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John Yau & Blake Butler Both Review Johannes Göransson’s Haute Surveillance

By Harriet Staff

Johannes_Goransson

A couple of good reviews in for Johannes Göransson’s new book, Haute Surveillance (Tarpaulin Sky, 2013)! First up, John Yau writes for Hyperallergic that HS is a book that “shares something with Whitman, Monique Wittig, J. G. Ballard and Dostoevsky’s ‘underground man.'” Futhermore: “Göransson, who has previously published five books and translated the Swedish poet Aase Berg into English, is one of the few contemporary poets who bring disgust into his writing without cloaking it in irony or some other self-protective device.”

In addition to the Virgin Father and Mother Machine Gun, Göransson has populated Haute Surveillance with the Starlet, Father Voice-Over, the Black Man, Sister Dark, the expresident, the Soldiers, the Genius Child Orchestra, abortionists and anti-abortionists. These and other archetypes keep reappearing in unexpected ways. Shelley Duvall, in The Shining, drops in from time to time. Various movies (Hiroshima Mon Amour) and books (In the Penal Colony) get mentioned.

What the poets associated with “Flarf” recognize — and the literary mainstream still ignores to a large degree — is that the Internet has flattened daily life into a constantly swirling, cacophonous mosaic. Instead of extending that jarring, two-dimensional world into poems, Göransson has absorbed Frank O’Hara’s “intimate yell” and made it all his own. Haute Surveillance is a world of wounded voices.

I have a nightmare about a girl covered with blood and when I wake up sweating my wife tells me a fairytale.

For all the disparate information that Göransson brings swiftly and confidently into play, Haute Surveillance is not a collage. None of it feels arbitrary, which is nothing short of miraculous. At the very least, the author’s ambition was to write a new “Song of Myself” addressing these confusing, contradictory times in which we are at war, as well as to construct memorable situations without resorting to a plot or other familiar literary devices. He succeeded at both. His reasoning is simple and direct:

Sometimes I want a room of my own, but mostly I just want a room without all these corpse-patterned wallpaper.

Blake Butler also wrote about Goransson’s book for Vice:

…Taking its title from a Jean Genet play of the same name, it’s kind of like a novelization of a movie about the production of a play based on Abu Ghraib, though with way more starlets and cocaine and semen.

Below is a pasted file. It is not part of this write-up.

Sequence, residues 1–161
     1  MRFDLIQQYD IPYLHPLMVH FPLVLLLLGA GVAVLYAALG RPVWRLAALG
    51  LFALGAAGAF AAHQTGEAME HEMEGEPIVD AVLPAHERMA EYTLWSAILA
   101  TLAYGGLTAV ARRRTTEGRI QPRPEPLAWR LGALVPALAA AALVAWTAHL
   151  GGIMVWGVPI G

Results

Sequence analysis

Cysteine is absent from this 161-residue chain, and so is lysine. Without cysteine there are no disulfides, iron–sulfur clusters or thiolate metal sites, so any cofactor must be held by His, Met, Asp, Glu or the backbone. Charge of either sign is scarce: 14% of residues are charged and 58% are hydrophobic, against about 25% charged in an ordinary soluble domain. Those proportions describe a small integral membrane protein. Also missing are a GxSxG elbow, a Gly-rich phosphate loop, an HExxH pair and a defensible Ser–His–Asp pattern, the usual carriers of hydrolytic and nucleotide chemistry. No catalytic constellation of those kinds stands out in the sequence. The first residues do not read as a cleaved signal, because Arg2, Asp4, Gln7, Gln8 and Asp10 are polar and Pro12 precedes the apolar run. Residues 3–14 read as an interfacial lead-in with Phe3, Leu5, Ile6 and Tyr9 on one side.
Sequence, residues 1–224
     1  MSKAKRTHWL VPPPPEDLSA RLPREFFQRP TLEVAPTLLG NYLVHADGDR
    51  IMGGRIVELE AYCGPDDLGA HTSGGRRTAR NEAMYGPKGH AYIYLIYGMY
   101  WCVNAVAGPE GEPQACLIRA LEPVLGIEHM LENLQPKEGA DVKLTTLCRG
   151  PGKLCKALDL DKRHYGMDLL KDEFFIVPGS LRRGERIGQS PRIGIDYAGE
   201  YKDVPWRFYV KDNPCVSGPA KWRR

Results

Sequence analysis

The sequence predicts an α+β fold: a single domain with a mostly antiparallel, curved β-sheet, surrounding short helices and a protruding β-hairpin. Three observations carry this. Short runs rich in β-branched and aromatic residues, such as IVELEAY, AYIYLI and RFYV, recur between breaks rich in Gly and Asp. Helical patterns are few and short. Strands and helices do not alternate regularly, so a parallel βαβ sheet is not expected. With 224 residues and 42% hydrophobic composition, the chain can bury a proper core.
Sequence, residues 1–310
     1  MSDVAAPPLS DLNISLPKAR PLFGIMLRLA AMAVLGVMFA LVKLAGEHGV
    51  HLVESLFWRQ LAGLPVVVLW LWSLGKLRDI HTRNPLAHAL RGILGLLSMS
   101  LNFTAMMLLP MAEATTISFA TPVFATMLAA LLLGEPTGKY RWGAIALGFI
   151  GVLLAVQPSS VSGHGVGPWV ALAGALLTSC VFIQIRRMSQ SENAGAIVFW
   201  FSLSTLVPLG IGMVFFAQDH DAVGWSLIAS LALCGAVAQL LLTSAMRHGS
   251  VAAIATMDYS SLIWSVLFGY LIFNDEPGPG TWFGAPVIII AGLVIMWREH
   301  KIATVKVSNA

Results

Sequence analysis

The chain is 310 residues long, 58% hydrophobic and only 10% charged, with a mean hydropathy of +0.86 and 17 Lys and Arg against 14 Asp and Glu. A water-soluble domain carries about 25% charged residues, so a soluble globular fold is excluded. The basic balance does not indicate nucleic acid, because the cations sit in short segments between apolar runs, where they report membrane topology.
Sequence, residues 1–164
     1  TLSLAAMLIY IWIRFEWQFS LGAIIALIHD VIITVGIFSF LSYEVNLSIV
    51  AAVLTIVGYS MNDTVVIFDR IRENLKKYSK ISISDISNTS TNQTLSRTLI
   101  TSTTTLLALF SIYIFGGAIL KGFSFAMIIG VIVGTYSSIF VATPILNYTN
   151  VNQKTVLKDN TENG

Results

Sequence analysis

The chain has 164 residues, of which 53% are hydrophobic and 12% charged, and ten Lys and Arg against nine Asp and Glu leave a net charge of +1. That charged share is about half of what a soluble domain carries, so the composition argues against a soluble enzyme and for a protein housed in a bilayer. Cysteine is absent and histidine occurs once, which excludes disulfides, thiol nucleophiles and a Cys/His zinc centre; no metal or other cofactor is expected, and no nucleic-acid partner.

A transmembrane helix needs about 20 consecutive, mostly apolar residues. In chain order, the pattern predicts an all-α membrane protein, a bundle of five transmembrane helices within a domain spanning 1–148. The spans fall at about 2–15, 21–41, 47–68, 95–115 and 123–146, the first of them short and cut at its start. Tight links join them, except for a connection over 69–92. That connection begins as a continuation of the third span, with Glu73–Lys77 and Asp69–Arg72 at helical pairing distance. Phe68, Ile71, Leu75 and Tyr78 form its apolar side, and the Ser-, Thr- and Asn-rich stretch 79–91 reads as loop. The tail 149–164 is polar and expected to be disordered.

One of Haute Surveillance’s many sources of power is how it forces other artworks into its bodies and reconstitutes their mythologies into an even deeper unknown. The novel is set in part, for instance, in what seems to be the hotel from The Shining, which has been remodeled into some sort of prison where the prisoners are forced to perform acts of theater and unusual sex. The only direct reference to the The Shining itself, however, both reveals the aesthetic contrivances of the production of the film, while embellishing the method used to provoke the veils of horror. “All of The Shining was shot with sets,” Göransson writes. “The snow was salt. It was 110 degrees inside the soundstage. The air was saturated with gasoline fumes. The cameramen and camerawomen wore gasmasks as they ran through the rooms chasing the little boy. There were antennae in the walls. The production crew built up an entire hotel inside. Nothing was fake.” These accusations manipulate the reader’s previous understanding of a terrifying setting and bend it in such a way that destabilizes the whole foundation of our memories and expectations of aesthetic experience.

This effect is threaded throughout Haute Surveillance. The reader is somehow being toyed with, being watched. Göransson presents his ideas and images often by explaining their symbolism before their appearance—the voiceover before the actual speech. The book is composed of countless chopped up scenes and fragments woven together in such a way that the book itself seems to have been beaten apart and reworked in some prisoner’s dementia. Timelines are for shit, as are the boundaries of the settings, the present fumbling right alongside both the future and the past. Like when explaining how his youngest daughter got pregnant and gave birth to six babies at the same time from licking a dirty towel, he explains, “This daughter goes by the fancy name The World. But we don’t use that name.”

Butler also includes an excerpt of the book. Read both reviews.

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Posted in Poetry News on Monday, June 24th, 2013 by Harriet Staff.